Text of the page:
por Thomas Dworetzky
, Contributing Reporter | January 05, 2017
A chemical found in a chili pepper has shown it packs a potential breast cancer-fighting punch.
The latest “hot” news on research into capsaicin – the ingredient in peppers that gives them their pungency – has shown that it can “inhibit the growth” of such cancer cells, according to researchers at Ruhr-Universität Bochum, Germany, and fellow scientists at the Augusta clinics in Bochum, the hospital Herz-Jesu-Krankenhaus Dernbach and the Centre of Genomics in Cologne.
Dr. Hanns Hatt and Dr. Lea Weber reported their findings in the journal "Breast Cancer — Targets and Therapy".
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“Analyzing channel activation, we demonstrated anti-proliferative, anti-migratory and apoptosis/necrosis-inducing effects of capsaicin treatment, due to the activation of TRPV1 in SUM149PT cells, which is a model system for triple-negative inflammatory breast cancer, the most aggressive breast cancer subtype,” the researchers concluded.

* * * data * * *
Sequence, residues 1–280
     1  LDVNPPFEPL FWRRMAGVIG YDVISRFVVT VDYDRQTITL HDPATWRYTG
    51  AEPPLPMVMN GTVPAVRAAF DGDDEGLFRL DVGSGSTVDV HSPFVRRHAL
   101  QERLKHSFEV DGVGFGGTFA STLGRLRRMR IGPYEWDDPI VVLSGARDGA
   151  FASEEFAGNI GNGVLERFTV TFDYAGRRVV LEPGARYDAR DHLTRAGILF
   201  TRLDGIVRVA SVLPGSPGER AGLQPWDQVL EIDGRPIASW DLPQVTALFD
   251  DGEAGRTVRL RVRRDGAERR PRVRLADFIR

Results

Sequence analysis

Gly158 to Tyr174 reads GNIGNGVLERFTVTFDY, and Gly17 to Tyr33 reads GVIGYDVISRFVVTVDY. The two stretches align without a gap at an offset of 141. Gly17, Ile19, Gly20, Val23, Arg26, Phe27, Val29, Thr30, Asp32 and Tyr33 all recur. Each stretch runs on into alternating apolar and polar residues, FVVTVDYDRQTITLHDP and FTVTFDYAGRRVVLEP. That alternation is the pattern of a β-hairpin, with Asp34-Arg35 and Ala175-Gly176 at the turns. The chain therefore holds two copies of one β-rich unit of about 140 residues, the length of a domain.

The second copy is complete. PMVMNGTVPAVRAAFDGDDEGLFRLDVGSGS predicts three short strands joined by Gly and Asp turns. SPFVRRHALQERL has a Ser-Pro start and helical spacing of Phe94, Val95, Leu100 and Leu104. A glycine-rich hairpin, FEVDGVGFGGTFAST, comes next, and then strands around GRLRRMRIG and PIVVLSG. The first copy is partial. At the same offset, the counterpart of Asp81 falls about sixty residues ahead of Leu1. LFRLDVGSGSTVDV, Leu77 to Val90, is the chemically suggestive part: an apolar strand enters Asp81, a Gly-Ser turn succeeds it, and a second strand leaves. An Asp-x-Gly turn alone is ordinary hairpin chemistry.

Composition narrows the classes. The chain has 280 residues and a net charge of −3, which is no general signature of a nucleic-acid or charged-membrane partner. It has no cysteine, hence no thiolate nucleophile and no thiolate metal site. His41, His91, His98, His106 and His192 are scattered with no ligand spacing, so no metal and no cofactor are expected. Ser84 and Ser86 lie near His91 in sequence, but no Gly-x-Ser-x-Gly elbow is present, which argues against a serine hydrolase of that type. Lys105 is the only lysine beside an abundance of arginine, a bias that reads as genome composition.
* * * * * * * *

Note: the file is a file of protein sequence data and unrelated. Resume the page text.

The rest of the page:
“Triple-negative” cancer is so-called because it typically tests negative for HER2, estrogen and progesterone.
At present, chemotherapy is its only therapeutic option.
Their research revealed that the transient receptor potential channel TRPV1, which has links to cancer “hallmarks” via its role in regulating intracellular calcium, could be activated by capsaicin. “That receptor is activated by the spicy molecule capsaicin, as well as by helional — a scent of fresh sea breeze,” they observed.
This “caused significant inhibition” of cancer cell development, observed the researchers. Adding capsaicin to cell cultures caused cancer cells to divide more slowly, they found. Tumor cells also died off “in greater numbers,” and those that made it through their peppery treatment were slower moving — and less able to metastasize.
The presence of TRPV1 was confirmed in nine different samples of tumor cells from patients with breast cancer.
"If we could switch on the TRPV1 receptor with specific drugs, this might constitute a new treatment approach for this type of cancer," Hatt observed.
Capsaicin-like chemicals have been studied before, noted the researcher.
Arvanil, which is similar in structure to it, has shown promise against brain tumors in mice, although its side-effects proved it inappropriate for human trials.
In 2015, Indian researchers Ashok Kumar Mishra and Jitendriya Swain, determined that capsaicin “binds to a cell's surface
and affects the membrane, which surrounds and protects the cell."